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Colorado River: Lake Mead:

Overton Beach

Overton Beach - 2004

In 1939, Overton Beach was one of the three National Park Service areas of the Boulder Dam National Recreation Area to have facilities.

Lost City

The Basketmaker Indians lived at Lost City, also called Pueblo Grande de Nevada, on the Muddy River near the Virgin River probably before 500 A.D. Pueblo Grande de Nevada, or Lost City, is an unfortunate choice of names, since it applies to the whole complex of villages scattered along the Virgin and Muddy Valleys.

The Indians built pit houses and, later, two and three story houses. The earlier tribes hunted and gathered their food, while later people farmed extensively.

"Mesa House" is the term used for the last occupational period in the area. The people were living in a number of villages during the Mesa House period ca A.D. 1100-1150.

Surveys and excavations of Lost City began in 1924 under the Southwestern Museum, most of the work being done from 1935-1938. Many artifacts and reconstructed pueblo houses are now at the Lost City Museum in Overton.

St. Thomas

In 1865, the Mormons established St. Thomas, at the junction of the Muddy and Virgin Rivers. The colonists farmed, raised cotton, and worked with the Southern Paiutes.

In 1912, there was enough business to have a railroad branch built to St. Thomas. The town became the halfway stopping point on the Old Arrowhead Trail, having a hotel, good meals, and a reliable garage.

But then the Hoover Dam project was started. Evacuation notices were posted on everything for five years, however no one left until rising water was spotted in the Virgin Canyon. Many of the buildings were moved to towns on higher ground.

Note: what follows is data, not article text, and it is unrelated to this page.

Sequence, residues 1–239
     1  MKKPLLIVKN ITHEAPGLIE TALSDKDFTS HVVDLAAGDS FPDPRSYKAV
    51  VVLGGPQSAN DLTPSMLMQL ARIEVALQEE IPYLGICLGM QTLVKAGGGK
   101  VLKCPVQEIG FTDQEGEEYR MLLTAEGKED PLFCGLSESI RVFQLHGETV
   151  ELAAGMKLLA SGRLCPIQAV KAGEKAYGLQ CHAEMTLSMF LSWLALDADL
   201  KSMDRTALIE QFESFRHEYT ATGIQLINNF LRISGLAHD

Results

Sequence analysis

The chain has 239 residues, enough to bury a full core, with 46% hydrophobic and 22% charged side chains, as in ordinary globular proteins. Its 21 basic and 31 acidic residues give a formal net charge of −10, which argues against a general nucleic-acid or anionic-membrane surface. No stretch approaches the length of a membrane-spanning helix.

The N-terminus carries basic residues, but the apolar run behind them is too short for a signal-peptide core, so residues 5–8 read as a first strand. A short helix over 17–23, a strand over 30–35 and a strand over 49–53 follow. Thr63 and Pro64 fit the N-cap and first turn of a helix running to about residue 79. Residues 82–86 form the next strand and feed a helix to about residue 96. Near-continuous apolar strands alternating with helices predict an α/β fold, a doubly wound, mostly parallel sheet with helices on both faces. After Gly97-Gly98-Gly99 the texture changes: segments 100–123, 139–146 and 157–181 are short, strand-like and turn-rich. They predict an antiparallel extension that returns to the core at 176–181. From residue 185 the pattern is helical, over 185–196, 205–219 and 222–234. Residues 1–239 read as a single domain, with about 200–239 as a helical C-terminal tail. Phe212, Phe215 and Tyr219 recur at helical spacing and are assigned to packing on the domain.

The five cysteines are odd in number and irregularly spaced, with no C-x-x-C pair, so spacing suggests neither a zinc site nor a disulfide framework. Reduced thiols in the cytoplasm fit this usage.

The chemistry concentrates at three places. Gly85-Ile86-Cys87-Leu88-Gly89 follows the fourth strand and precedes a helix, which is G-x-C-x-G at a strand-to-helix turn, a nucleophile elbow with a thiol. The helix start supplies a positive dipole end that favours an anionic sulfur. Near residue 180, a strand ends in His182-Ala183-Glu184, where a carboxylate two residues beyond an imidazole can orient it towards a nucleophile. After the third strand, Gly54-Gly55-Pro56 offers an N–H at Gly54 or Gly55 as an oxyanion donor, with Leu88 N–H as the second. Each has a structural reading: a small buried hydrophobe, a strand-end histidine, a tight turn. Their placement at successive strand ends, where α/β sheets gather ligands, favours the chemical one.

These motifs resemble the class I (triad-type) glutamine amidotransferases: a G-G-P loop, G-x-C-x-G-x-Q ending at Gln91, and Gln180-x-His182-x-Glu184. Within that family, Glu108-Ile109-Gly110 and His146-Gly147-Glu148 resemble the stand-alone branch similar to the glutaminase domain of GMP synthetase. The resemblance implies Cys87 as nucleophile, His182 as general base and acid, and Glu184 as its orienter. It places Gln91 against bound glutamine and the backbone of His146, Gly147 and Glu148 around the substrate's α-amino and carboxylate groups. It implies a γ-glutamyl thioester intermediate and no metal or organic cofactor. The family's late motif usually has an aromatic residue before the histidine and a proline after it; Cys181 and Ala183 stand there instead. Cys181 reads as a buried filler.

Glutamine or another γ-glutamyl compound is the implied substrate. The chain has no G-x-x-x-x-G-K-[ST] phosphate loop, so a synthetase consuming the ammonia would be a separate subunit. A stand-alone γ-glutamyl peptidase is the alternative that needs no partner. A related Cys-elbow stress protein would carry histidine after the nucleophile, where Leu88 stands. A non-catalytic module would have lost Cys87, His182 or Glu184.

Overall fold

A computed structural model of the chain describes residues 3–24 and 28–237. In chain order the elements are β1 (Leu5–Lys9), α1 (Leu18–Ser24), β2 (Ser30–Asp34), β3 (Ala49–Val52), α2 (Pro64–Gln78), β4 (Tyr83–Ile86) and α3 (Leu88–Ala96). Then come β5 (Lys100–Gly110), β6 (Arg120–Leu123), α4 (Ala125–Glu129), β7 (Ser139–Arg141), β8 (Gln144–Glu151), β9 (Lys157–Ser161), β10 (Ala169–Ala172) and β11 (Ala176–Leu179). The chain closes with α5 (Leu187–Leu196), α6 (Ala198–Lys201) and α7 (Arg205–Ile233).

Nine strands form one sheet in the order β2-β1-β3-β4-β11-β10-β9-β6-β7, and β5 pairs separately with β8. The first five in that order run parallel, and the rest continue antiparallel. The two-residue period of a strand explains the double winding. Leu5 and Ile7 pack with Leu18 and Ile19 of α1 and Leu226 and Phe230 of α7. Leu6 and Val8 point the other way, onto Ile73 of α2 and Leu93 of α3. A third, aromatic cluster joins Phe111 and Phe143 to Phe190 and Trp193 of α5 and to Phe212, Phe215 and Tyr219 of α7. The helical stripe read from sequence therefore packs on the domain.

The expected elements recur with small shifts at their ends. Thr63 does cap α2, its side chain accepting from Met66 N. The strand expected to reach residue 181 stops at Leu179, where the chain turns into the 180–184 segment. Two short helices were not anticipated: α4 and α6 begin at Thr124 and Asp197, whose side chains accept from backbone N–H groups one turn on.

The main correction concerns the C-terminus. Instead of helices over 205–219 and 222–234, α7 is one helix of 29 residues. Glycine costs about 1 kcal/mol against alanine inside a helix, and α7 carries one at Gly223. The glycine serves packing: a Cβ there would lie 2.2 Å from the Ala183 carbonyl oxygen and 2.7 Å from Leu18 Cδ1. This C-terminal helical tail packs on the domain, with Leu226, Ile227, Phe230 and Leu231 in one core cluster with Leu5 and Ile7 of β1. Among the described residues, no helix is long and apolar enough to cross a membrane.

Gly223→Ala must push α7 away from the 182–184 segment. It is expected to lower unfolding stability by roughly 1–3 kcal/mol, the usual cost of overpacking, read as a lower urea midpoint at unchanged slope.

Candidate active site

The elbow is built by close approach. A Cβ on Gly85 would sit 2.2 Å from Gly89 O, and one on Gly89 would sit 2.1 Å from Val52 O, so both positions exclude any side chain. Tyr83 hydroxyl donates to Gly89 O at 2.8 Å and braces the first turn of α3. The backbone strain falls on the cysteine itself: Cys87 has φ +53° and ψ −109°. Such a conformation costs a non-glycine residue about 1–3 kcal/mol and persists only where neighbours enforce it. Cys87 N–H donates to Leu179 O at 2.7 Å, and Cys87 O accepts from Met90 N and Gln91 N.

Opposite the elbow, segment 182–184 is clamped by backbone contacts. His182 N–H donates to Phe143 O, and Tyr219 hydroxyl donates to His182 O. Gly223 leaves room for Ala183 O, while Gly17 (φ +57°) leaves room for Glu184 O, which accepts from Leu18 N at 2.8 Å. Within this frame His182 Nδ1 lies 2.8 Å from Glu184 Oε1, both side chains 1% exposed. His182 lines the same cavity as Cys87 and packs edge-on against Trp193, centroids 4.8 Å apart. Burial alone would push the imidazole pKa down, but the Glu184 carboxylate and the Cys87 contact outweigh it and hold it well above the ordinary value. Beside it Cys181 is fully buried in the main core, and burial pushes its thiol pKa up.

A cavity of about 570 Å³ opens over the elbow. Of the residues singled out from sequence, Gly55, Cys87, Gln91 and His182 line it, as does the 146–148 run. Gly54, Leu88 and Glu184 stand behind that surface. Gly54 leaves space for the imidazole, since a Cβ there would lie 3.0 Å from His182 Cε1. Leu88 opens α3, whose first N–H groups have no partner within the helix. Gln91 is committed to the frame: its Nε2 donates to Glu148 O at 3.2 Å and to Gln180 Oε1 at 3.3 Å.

Sometimes, when the lake gets low enough, buildings, dead trees, and rusted machinery can be seen.

Before the Water Rose

    Starting as a pioneer settlement in 1865, St. Thomas grew to be an established town of farms, homes and stores. Life passed slowly until Hoover Dam was built. St. Thomas was doomed as the rising waters of the Colorado River slowly filled canyons and valleys, creating Lake Mead. The residents of St. Thomas sold their land, tore down homes that had been lived in for generations and said goodbye to friends and neighbors. On June 11, 1938, Hugh Lord rowed away from his house, the last citizen to leave. The community was soon covered by the lake, a victim of a rapidly changing landscape and lifestyle in the desert.

    While we cannot bring St. Thomas back to life, we can show the town and its people the respect wed like our home town to receive. Please do not climb on foundations or disturb any artifacts you find. These remnants remind us of the people of St. Thomas, those who played, worked and lived here.

    The National Park Service protects and preserves more than 380 sites of cultural, historic and natural significance. From the stone dwellings at Mesa Verde to the Civil War battlefield at Gettysburg and here at the ruins of St. Thomas, we learn about those who lived before us.

Mountains of salt

Located three miles south of St. Thomas, on the west side of the Virgin, was the famous mountain of salt. This necessity, also found in many caves in the area, was probably the reason for the site of the Lost City.

Over the years, it has grown in peoples imagination to fantastic proportions - 3 miles long, all salt, and that as clear as glass. Its names include Big Salt Cliff, Salvation Salt, Salt Point, and Salt Mountain.

Lake Mead waters now cover this huge salt deposit, as well as most of the caves.

source - NPS
map of Lake Mead NRA

Lost City

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These items are historical in scope and are intended for educational purposes only; they are not meant as an aid for travel planning.
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